Published on: Aug 21, 2021
Despite the challenges of Covid-19, recent immigration statistics suggest that Canada has a chance of achieving its ambitious annual immigration targets for 2021.
The global Covid-19 pandemic has had a profound impact on Canada's immigration system, making it more difficult for overseas travellers to arrive in the country and for existing applicants to complete their applications. These challenges resulted in a poor year for Canadian immigration in 2020. Even with normal immigration numbers during the first few months of the year, the nation welcomed just 184,370 new permanent residents in 2020, well below the target of 341,000 set out in Canada's Immigration Levels Plan. This was the lowest figure for new permanent residents in over 20 years.
The decline in new permanent residents came at a particularly bad moment, since Prime Minister Justin Trudeau and Immigration Minister Marco Mendicino had just announced increased immigration targets that aimed to welcome a million new permanent residents to Canada over a three-year period. In order to achieve these aims, targets for 2021 had to be increased, despite the fact that many of the same travel restrictions would still be in effect.
Despite the challenges, immigration figures from July suggest that Immigration, Refugees and Citizenship Canada (IRCC) is not far from reaching its current target of 401,000 new permanent residents by the end of 2021. This total was increased from 341,000 new permanent residents in response to the decreased immigration numbers of 2020. During an interview with Reuters, Mendicino revealed that July saw Canada welcome nearly 40,000 new immigrants, up from a total of 35,700 in June. These new numbers mean that Canada has welcomed 184,000 new permanent residents in the first seven months of 2021, a number approximately equal to the total for all of 2020.
With 184,000 new permanent residents already welcomed and a goal of 401,000 to meet, Canada needs another 217,000 new permanent residents to meet its 2021 target, or 43,400 per month. This is higher than the July total, but if monthly rates are increasing as travel restrictions relax, it may be the case that Canada is able to reach its new target, keeping it on track to reach the totals proposed in the Immigration Levels Plan.
In order to maintain these immigration levels, IRCC has changed many of its immigration strategies. One important strategy has been to focus on applicants who are already in Canada, including those applying for permanent residence as part of the Canadian Experience Class (CEC). Because the CEC includes applicants with Canadian work experience, it includes a large number of applicants who are already resident in Canada, making it an ideal way to continue to process applications despite travel restrictions. At any time, an estimated 90 percent of CEC applicants are in Canada.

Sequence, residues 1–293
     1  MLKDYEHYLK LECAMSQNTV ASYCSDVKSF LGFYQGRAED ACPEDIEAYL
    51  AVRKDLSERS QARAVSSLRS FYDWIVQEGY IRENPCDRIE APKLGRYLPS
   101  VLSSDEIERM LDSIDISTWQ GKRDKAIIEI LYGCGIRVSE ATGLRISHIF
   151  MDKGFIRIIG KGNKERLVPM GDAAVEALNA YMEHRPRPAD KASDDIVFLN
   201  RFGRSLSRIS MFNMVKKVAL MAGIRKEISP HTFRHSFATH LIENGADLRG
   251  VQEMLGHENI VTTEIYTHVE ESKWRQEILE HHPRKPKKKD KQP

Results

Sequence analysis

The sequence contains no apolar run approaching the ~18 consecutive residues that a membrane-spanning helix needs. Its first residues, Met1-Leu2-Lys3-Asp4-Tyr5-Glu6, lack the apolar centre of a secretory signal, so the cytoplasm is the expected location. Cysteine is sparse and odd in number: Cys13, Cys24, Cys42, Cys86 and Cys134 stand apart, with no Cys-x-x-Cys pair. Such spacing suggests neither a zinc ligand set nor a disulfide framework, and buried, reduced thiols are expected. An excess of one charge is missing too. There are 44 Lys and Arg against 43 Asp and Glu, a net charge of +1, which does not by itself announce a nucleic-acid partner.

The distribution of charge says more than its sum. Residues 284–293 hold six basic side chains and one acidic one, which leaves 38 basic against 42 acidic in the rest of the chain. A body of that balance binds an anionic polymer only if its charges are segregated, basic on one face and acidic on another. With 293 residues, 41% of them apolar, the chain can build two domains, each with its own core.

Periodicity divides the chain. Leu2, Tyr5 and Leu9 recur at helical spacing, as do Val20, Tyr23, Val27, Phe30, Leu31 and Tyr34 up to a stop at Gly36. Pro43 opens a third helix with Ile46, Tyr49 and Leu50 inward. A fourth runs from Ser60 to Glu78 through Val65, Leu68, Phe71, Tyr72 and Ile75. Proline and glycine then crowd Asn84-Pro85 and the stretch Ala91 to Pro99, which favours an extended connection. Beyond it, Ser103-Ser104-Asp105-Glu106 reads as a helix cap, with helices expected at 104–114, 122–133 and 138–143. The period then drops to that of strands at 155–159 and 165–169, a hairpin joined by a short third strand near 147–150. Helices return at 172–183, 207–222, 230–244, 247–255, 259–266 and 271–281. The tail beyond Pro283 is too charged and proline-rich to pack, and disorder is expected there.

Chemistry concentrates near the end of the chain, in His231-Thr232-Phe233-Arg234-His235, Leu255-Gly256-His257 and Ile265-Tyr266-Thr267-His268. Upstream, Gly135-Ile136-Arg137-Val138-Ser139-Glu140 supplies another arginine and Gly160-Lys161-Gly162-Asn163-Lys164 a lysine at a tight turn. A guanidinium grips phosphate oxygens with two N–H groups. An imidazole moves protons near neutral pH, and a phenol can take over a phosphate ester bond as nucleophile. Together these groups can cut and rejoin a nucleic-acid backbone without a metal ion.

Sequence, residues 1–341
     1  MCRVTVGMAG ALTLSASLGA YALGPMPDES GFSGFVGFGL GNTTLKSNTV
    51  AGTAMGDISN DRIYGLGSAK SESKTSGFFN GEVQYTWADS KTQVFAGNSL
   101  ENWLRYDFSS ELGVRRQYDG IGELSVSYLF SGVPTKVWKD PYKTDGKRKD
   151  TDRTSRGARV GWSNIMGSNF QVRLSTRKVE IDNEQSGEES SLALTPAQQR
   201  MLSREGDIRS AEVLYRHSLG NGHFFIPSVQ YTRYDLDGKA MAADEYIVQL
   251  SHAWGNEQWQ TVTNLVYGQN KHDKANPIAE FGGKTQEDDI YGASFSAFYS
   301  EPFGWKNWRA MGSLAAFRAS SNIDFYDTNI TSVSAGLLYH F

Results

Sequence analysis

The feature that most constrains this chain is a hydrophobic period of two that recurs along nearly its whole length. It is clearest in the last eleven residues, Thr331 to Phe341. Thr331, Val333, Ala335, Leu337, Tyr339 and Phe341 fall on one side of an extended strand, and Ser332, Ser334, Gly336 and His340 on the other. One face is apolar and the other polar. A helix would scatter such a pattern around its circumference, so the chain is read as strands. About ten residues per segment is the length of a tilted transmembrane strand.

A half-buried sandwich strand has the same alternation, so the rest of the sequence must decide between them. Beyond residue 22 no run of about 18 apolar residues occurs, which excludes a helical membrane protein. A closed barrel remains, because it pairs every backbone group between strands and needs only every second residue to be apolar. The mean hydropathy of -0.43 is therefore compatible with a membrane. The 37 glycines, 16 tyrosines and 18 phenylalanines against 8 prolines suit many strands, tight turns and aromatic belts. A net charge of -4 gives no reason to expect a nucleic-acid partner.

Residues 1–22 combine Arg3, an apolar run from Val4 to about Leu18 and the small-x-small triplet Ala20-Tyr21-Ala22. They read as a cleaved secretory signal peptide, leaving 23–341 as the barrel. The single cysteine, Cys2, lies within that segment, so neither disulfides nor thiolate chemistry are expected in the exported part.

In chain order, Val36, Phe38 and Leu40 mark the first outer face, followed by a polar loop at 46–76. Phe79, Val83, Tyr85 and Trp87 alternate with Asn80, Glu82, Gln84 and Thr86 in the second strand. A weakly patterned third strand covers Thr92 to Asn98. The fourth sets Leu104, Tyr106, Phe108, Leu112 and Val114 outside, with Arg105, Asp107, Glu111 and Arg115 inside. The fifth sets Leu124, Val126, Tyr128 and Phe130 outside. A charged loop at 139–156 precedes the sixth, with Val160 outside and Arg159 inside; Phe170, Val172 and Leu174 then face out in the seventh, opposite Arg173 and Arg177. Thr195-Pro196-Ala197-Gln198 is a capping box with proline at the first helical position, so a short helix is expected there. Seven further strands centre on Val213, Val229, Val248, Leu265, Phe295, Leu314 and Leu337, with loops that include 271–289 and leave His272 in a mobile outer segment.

The importance of CEC applicants can be seen in the greatly increased number of program-specific Express Entry draws since the start of Covid-related travel restrictions. These draws are still continuing: on August 19, an Express Entry draw issued invitations to apply to 3,000 candidates from the Canadian Experience Class. These Express Entry draws have issued over 100,000 invitations to apply so far in 2021. Only CEC applicants and those chosen by the Provincial Nominee Program have been issued invitations to apply so far in 2021.
The pandemic has had an impact on more than just the application process. Its effects on the economy, as well as the restrictions needed to help limit its harm, have made settlement more challenging for many new Canadians. As a result of this, IRCC announced that it was allocating $100 million over the next three years to improving the ways in which newcomers to Canada access settlement services. Programs supported by this funding will include research projects and test programs that explore new ways of providing settlement services or seek to streamline the process of accessing them.
2021's immigration targets were ambitious to start with and will be even more challenging given the increase to over 400,000. However, the newly-revealed July statistics suggest that the current plan of focusing on applicants in the CEC is providing some benefits and that if the current rate of successful application not only continues but improves slightly, the goal of a million immigrants in three years may no longer be as far off as it once appeared.